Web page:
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Schools Turn to Character Ed. to Raise Achievement, Prep for College

Character education isn't just for elementary school children. While often squeezed out at the secondary level to make room for more intense academics, schools at all levels are finding that taking the time to build character can lead to a positive school environment and better-performing students.

"To attain rigorous scores and achievement, students must have social skills and be respectful," said Karen Geller, the principal of Upper Merion Area Middle School in King of Prussia, Pa. "If students are worried about being bullied, they can't focus on academics. They need the skills to do homework, participate in class...[character education] supports that greater academic success."

Students at Upper Merion are learning about core values of caring, respect, trust, family, and responsibility through Community of Caring, one of several character education programs used by schools across the country. To be effective, educators are realizing that the concepts need to be embraced by everyone in the building and the lessons woven throughout the school day.

The values are discussed at small groups and larger forums and integrated into the curriculum. For instance, the topic of empathy may be talked about in a class meeting. An assembly might follow that expands on the theme and then students would write a reflection about it in class.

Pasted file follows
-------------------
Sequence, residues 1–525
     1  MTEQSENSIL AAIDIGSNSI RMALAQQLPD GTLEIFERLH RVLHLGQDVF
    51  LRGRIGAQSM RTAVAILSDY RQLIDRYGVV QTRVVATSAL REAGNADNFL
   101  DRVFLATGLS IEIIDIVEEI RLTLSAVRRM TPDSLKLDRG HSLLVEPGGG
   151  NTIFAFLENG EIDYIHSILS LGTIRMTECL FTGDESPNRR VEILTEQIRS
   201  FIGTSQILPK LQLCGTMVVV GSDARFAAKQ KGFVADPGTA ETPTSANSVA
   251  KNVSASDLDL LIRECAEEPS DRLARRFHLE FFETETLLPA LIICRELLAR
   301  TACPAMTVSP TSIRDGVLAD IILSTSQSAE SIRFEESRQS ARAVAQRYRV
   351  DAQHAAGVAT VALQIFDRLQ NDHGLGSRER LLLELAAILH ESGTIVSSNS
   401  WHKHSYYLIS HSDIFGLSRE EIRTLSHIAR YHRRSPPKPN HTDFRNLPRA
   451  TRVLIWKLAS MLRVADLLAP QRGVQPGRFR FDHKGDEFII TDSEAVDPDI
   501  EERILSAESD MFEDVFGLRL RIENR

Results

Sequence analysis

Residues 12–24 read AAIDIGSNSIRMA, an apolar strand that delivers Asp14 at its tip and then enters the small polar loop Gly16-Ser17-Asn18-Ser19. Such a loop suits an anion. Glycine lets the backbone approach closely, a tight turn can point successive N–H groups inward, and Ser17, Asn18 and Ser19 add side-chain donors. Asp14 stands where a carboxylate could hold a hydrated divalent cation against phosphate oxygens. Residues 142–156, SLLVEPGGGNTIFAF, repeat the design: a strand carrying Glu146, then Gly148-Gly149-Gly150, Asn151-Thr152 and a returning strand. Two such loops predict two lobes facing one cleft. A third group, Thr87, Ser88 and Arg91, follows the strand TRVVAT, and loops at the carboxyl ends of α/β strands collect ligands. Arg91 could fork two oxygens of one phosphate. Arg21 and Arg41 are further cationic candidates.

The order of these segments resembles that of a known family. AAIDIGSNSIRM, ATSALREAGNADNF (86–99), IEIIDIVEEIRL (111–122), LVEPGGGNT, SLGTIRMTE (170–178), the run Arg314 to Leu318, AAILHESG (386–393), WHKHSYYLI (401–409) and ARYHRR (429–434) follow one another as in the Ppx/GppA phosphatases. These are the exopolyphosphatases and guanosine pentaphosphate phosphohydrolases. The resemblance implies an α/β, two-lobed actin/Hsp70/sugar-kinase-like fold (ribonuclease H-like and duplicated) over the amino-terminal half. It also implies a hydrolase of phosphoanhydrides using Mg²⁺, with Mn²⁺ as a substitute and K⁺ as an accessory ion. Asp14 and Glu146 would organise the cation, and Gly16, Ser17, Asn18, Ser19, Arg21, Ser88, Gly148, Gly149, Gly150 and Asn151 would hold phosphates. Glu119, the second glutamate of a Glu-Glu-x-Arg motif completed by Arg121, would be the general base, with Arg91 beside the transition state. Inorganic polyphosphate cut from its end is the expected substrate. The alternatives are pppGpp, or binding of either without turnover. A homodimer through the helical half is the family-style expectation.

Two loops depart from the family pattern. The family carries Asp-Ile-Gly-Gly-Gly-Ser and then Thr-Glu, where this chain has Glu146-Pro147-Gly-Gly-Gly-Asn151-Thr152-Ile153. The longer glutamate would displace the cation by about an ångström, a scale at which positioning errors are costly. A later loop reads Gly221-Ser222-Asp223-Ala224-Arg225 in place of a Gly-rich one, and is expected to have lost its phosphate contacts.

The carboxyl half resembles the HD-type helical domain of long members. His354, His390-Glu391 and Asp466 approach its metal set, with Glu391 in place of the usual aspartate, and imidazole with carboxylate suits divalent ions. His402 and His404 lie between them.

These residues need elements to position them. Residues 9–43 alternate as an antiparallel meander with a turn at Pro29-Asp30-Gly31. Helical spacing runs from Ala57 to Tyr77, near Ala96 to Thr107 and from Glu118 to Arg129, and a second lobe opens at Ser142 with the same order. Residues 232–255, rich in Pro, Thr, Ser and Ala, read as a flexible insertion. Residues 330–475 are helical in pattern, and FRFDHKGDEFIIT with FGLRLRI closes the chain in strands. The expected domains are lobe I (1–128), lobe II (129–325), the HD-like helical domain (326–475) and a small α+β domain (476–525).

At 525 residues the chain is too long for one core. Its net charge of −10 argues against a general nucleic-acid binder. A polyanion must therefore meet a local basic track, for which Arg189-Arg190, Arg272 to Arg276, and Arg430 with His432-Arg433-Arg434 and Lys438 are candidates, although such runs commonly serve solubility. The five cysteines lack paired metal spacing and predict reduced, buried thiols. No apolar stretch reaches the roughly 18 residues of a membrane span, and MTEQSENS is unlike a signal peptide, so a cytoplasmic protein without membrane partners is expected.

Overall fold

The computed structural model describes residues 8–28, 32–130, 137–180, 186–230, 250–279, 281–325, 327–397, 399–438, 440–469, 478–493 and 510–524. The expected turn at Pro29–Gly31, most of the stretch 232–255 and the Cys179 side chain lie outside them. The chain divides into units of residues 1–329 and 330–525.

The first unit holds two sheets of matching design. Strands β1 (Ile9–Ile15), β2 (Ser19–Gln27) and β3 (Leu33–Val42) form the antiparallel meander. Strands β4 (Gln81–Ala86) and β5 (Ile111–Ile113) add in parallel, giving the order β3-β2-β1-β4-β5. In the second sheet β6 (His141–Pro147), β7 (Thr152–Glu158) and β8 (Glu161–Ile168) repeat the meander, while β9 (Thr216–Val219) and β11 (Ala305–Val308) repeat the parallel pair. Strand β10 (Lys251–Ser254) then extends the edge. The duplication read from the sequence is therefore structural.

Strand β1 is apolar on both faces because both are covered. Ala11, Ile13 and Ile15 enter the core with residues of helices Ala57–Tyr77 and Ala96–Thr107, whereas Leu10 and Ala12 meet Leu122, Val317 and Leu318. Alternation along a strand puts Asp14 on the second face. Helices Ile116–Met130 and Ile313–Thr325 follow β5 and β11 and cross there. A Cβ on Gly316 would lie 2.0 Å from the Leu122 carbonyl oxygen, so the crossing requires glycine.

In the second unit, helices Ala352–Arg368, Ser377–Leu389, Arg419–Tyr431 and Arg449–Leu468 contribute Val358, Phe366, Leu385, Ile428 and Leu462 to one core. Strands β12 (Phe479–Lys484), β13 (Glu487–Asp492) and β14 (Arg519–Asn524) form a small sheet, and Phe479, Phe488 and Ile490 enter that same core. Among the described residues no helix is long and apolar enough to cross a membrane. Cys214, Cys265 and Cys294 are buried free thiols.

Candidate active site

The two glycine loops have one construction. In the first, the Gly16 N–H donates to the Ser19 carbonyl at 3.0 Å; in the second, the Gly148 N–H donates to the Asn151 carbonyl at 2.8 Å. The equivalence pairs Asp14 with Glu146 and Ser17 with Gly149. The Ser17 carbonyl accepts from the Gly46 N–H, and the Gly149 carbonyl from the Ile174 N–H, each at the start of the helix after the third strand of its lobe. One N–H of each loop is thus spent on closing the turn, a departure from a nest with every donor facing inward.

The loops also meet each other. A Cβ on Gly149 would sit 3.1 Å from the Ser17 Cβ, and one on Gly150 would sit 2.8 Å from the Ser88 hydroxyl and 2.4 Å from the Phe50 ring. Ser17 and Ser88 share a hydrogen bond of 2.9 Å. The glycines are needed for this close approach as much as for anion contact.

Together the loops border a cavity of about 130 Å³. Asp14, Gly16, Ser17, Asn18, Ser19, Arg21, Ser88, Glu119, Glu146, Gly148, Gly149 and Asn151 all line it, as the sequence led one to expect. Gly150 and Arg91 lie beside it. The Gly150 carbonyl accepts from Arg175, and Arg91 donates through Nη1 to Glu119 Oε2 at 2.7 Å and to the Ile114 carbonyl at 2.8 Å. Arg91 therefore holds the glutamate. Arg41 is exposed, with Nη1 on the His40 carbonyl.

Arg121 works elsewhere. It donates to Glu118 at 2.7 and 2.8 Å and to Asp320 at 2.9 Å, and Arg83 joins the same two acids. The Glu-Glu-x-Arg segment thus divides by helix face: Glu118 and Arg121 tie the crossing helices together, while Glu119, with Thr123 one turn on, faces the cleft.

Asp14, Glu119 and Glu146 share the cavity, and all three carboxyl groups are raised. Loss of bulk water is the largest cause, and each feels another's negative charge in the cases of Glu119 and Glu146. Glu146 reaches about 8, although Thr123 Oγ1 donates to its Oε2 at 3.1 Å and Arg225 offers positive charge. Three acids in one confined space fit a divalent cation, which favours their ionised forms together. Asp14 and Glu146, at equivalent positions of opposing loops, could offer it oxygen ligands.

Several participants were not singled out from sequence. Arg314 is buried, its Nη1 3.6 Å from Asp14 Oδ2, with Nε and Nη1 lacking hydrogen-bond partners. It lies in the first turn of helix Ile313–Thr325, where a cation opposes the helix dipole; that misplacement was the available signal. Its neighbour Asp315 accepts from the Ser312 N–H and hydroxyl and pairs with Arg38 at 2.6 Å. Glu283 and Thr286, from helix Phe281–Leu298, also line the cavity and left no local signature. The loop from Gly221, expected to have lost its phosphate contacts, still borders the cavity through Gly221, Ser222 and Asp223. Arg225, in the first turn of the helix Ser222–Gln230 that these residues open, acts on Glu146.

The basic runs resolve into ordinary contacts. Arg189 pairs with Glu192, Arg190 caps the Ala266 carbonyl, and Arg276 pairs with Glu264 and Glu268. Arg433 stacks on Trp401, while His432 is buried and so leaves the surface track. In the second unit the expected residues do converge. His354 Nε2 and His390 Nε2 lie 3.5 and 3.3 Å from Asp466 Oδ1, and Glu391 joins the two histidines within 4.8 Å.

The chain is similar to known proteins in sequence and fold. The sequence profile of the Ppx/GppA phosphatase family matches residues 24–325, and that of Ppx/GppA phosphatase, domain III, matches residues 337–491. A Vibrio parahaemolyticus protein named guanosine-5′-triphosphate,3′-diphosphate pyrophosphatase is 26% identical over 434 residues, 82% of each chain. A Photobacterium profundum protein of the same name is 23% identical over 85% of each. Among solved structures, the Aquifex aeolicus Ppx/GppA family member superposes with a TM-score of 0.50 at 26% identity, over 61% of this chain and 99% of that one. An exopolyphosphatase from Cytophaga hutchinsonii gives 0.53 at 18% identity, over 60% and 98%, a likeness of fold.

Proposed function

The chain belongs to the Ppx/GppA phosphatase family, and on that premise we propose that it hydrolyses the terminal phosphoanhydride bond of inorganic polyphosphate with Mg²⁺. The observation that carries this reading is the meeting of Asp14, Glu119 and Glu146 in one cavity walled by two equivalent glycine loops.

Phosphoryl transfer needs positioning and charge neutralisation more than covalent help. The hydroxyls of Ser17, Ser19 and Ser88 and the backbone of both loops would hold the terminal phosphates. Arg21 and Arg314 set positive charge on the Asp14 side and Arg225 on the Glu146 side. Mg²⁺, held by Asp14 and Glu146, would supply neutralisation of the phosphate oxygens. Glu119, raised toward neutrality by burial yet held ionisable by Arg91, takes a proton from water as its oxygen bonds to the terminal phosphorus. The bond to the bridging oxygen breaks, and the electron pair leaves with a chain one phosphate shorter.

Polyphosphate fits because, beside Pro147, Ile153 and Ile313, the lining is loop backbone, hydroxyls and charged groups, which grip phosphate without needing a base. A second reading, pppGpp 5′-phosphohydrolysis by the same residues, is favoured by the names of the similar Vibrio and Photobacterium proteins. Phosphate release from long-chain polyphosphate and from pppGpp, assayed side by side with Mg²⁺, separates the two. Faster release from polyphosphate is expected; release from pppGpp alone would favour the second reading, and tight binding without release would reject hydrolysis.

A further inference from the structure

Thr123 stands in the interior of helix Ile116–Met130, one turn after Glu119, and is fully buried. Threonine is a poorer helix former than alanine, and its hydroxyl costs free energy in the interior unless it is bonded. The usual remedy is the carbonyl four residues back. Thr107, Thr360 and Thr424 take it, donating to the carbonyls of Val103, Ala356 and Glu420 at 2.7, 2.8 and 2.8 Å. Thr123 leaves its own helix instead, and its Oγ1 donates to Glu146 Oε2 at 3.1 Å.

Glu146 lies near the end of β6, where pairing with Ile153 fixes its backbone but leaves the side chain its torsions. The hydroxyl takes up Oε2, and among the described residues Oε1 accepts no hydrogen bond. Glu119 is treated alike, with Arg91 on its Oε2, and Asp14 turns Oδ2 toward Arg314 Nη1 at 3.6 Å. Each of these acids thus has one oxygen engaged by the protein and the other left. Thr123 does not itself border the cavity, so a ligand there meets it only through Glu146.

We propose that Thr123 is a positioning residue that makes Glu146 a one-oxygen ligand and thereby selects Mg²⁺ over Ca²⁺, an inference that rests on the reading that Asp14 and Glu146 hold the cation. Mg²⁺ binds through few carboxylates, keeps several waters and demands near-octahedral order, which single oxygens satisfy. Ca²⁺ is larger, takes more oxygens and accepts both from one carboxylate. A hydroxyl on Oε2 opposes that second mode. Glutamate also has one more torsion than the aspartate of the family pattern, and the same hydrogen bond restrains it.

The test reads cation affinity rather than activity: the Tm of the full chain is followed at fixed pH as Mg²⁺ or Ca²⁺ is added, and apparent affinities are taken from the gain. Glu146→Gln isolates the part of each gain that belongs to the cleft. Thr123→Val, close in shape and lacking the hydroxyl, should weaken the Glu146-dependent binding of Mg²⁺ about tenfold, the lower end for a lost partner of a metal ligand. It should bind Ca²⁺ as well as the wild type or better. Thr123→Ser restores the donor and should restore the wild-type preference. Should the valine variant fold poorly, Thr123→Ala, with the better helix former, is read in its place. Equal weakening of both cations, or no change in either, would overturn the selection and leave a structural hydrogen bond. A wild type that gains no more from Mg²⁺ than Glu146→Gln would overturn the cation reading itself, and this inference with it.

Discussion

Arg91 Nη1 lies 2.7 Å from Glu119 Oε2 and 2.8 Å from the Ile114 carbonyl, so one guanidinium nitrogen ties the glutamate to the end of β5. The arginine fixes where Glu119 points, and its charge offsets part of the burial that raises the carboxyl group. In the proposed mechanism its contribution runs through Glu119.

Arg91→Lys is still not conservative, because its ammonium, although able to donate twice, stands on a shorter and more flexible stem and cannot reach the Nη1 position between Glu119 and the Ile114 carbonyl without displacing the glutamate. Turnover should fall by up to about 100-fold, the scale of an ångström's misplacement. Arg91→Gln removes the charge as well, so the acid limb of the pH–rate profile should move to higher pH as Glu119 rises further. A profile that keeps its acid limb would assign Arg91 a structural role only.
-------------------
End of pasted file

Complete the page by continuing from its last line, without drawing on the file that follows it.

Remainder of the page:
"We live it and we model it," says Geller of the program, adding that it includes some professional development and training, but was not costly. The school has been nationally recognized for its character education program and the impact it has had on the school community.

As schools consider the various approaches to character education, administrators should look for ones with evidence-based results, say experts, such as Marvin Berkowitz, the co-author, with Melinda Bier, of What Works in Character Education.

The Washington-based Character Education Partnership advocates 11 principles of effective character education and provides resources for schools weighing the merits of programs.

There is not one best program and every community should decide what fits its students' needs, writes Scott Seider, an assistant professor of education at Boston University, in his book, Character Compass: How Powerful School Culture Can Point Toward Student Success. While academics may be the foundation for success, Seider suggests schools are ramping up character education because more are realizing that students also need to have personal skills and grit to navigate life in college or on the job.

For more, see my recent article, Character Education Seen as Student Achievement Tool.

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